Historic Hickory Golf
August 17, 2017

Historic Hickory Golf

The past few months have flown past quickly especially on the fairways of Hickory Golf. Since May, I have had a great time playing on many great historic, as well as a couple of young courses. Each offered their challenges, but left me with the memories of not only the beauty of each location but the tradition and spirit of the game of GOLF!

 Historic Courses:

Sara Bay Country Club, Sarasota, Florida.
This is a fair yet challenging design by Donald Ross which opened in 1926 as the Whitfield Estates Country Club.
 In February of 1926 Bobby Jones and Walter Hagen played what was known as the “BATTLE of the CENTURY” in which Hagen defeated Jones 10 and 11.
 There are many great matches that were played on this beautiful course over the years. In fact, Sara Bay hosts the LPGA Symetra Tour again this year. It would be well worth a few moments to visit their website; www.sarabaycc.org to see the great history of this club.
Temple Terrace Golf and Country Club, Temple Terrace, Florida.
Designed by Tom Bendelow in 1921 for the well-known Potter Palmer family of Chicago. He was the designer for over 400 courses including Medinah C.C. in Chicago and Palma Ceia located in Tampa. In 1925 the FLORIDA OPEN was held at Temple Terrance and it was bannered as the “Greatest Field of Golfers to Ever Play in Florida” Gene Sarazen, Walter Hagen and Jim Barnes were among them.
 Today the club is the host to the UNITED STATES PROFESSIONAL HICKORY CHAMPIONSHIP every year in early spring. This is fitting as the first head pro at Temple Terrace was "Long Jim" Barnes, winner of the first PGA Championship held in 1916 at Siwanoy Country Club, in Bronxville, N.Y and the second in 1919 at Engineers Country Club, in Roslyn Harbor, N.Y. There were no championships in 1917 and 1918 because of World War I. In 1921, Barnes won both the Florida Open and the 59th British Open held at Prestwick.
Every year the Knicker Bash is played on this course the weekend of the U. S. PROFESSIONAL HICKORY TOURNAMENT, Leitha Bowles is the chairwoman and for you northerners you should check out their Facebook page or the Temple Terrace website: www.templeterracegolf.com website and contact her as it is a “roaring” great time.
Originally designed in 1897 as a 9-hole course it was expanded in 1903 to 18 holes. In 1920, it was renovated under William Herbert Fowler, a British golf architect, into the present course. Today, it is one of the two oldest courses still being played. The other is the Presidio in San Francisco.
 This year it was the venue for the U.S. Hickory Open and what a challenging treat. My practice round was an early morning outing, 6:30 AM and how relaxing it was with a little fog laying on the course and a cool temperature of 60. Of course, seeing the local wildlife doing their early morning “thing” was a bonus. The committee that hosted the “Open” this year did a great job in every part: the reception, tournament and dinner. Too bad my score could not have been better, but that is my doing.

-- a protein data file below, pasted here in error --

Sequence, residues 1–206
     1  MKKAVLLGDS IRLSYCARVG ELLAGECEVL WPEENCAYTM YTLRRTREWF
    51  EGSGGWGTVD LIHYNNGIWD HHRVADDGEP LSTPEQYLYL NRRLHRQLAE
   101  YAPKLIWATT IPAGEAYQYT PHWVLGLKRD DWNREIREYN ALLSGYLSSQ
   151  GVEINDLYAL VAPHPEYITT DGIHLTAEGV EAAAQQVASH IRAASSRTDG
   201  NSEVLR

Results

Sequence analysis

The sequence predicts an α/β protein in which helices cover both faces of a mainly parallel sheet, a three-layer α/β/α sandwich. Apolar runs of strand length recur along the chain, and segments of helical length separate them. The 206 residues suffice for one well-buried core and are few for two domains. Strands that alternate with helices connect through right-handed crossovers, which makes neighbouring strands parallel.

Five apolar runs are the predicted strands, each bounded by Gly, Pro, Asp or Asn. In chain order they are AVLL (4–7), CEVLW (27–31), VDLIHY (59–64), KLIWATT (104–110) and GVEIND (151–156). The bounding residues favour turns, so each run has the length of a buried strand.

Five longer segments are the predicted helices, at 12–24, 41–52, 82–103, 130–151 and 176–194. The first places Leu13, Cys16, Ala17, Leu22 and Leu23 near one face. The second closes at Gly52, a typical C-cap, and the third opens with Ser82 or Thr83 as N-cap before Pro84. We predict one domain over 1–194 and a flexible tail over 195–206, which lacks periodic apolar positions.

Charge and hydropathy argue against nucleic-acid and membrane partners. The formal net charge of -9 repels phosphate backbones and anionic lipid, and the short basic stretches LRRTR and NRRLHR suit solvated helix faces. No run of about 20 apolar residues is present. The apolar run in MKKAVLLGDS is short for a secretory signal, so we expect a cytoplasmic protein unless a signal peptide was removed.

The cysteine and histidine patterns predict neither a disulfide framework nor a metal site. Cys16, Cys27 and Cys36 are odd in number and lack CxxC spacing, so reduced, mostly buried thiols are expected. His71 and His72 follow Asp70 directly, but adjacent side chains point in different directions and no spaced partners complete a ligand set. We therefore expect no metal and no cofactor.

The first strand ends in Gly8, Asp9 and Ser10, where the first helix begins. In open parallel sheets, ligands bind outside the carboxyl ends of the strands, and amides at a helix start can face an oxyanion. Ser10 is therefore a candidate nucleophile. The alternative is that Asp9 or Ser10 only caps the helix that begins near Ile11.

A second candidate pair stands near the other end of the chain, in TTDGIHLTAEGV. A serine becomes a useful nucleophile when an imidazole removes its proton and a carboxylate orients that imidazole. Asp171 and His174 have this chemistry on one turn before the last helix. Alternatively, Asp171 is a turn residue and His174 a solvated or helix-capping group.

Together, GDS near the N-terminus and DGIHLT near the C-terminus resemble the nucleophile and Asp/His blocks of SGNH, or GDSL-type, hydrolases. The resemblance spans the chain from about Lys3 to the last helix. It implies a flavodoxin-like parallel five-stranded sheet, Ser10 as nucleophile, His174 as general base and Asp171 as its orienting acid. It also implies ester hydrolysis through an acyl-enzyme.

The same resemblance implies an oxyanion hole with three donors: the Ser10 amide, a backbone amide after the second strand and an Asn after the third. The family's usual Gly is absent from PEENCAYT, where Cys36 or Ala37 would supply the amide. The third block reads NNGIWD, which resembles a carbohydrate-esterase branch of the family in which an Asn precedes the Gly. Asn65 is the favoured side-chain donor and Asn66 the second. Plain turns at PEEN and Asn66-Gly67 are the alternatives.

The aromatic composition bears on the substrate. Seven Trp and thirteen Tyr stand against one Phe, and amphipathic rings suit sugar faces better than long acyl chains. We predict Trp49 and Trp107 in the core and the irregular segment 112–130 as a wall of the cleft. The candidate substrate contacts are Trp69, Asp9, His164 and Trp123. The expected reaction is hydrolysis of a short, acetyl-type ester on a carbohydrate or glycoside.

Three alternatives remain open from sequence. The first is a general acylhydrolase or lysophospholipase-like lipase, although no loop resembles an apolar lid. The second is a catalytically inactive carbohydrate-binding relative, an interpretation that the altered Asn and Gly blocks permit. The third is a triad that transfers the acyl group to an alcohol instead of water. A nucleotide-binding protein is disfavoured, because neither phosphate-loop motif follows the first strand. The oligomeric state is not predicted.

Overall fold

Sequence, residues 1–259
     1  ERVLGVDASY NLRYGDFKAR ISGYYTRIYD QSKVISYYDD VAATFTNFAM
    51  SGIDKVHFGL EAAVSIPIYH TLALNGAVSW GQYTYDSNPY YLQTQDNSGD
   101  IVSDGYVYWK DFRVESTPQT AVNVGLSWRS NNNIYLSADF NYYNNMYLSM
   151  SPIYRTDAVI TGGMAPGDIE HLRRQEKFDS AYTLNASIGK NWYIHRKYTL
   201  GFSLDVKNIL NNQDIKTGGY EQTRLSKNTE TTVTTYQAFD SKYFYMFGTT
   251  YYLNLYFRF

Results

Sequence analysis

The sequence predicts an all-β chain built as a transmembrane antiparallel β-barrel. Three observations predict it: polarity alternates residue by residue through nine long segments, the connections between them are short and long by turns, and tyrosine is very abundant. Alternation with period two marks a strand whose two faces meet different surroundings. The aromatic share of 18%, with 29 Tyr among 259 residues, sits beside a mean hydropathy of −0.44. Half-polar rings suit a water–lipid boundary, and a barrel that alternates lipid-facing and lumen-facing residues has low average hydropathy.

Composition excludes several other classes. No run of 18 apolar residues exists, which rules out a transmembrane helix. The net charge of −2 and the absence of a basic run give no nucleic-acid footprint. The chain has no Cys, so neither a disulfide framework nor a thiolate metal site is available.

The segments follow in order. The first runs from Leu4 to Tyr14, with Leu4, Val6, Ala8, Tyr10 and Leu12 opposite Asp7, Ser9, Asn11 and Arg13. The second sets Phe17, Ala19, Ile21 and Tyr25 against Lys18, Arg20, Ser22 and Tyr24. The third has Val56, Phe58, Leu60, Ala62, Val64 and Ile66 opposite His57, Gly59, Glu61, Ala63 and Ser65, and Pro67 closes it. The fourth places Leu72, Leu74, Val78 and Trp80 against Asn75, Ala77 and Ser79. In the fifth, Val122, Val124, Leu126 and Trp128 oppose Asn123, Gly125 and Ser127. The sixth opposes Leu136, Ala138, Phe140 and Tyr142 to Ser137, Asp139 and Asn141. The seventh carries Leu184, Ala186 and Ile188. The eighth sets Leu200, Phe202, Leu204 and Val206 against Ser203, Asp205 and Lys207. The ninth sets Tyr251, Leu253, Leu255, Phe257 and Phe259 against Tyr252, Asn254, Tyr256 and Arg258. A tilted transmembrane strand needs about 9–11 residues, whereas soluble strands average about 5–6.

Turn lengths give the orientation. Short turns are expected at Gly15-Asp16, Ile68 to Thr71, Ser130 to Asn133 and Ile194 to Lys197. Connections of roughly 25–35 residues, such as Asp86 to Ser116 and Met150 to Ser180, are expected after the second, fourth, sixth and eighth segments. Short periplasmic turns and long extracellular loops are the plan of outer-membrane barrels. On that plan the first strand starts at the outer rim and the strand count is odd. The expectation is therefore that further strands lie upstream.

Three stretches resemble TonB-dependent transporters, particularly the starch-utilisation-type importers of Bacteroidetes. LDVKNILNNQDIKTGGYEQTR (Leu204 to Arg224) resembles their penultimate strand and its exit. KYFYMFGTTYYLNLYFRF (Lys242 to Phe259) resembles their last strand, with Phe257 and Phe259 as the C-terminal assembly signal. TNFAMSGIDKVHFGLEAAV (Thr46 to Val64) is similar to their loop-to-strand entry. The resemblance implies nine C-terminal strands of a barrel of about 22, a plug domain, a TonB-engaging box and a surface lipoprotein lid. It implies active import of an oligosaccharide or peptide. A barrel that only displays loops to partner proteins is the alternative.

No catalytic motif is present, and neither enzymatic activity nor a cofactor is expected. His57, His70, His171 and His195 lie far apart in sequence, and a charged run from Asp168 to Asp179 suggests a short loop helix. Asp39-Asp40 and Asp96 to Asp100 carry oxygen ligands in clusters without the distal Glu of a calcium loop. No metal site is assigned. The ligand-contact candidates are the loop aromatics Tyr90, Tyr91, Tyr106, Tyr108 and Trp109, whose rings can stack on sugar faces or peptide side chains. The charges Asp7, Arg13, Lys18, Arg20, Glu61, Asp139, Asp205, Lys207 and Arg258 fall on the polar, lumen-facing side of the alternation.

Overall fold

Again, if you go to Monterey, everyone wants to play at Pebble Beach, but you need to play here as well as the same management group handles this course and it is beautiful!
Located in Yosemite National Park this is the first regulation 9-hole course built in the Sierra Nevada’s in 1918. It was designed by Walter G. Favarque who wanted to blend this course seamlessly into the spectacular surroundings.
Mr. Favarque was a founding member of the PGA in 1916 and played in many tournaments and designed many other courses such as the Olympia Club.


Modern Courses:

Whistling Straits – Straits Course & Irish Course
These are two great links courses along beautiful Lake Michigan in serene Sheboygan County Wisconsin. Designed by Pete and Alice Dye they are challenging - yet fair. 
The Straits Course replicates the ancient seaside links courses of the United Kingdom and Ireland as you will also have the Scottish Blackface sheep in the gallery to watch your play. You have the “pot bunkers”, dunes, large rolling greens and of course the wind from the lake. If you close your eyes and open them quick you will be transformed to the coast of the Irish sea.
Even though the course is not ancient, it has been the sight for some great Championship play and in 2020 it will host the Ryder Cup.
The Irish Course is all inland and offers challenging sand dunes as well as large greens which at times have hidden pin placements because of the dunes.
Mr. Bill Ernst each year hosts a tournament on these courses and does a remarkable job. Just as exciting is many of the same players attend each year which creates great friendships. Both courses need to be on your “Bucket List”, for me these are on my list every year!
Built in 2007 among a South Florida Pine Forest and Oak Groves it has the beauty of a course that you might find in Georgia or the Carolinas. But when you see the “native” guards, alligators, you quickly remember you are in Florida. I believe that they also help keep the “pace” of play moving along as well.
 This was an enjoyable round with my good friend Joe Lauber from Davos, Switzerland. It was also a warm up round for playing the fore mentioned historic Sara Bay County Club a few days later.


I hope that sharing these great golf courses will give you some ideas of places to go and play. These courses are great for modern play as well.

My preference is that I just like the tradition of playing with the clubs that started the game, Hickory. As my late good friend, Mike Just, told me when he suggested that I try Hickory Golf, “the magic of the game comes to you!” He was so right, the spirit of friendship, the play (I can’t hit a 250-yard drive even if I was dreaming of it) and not the score and finally the course give you this “magical experience” in this game we call golf!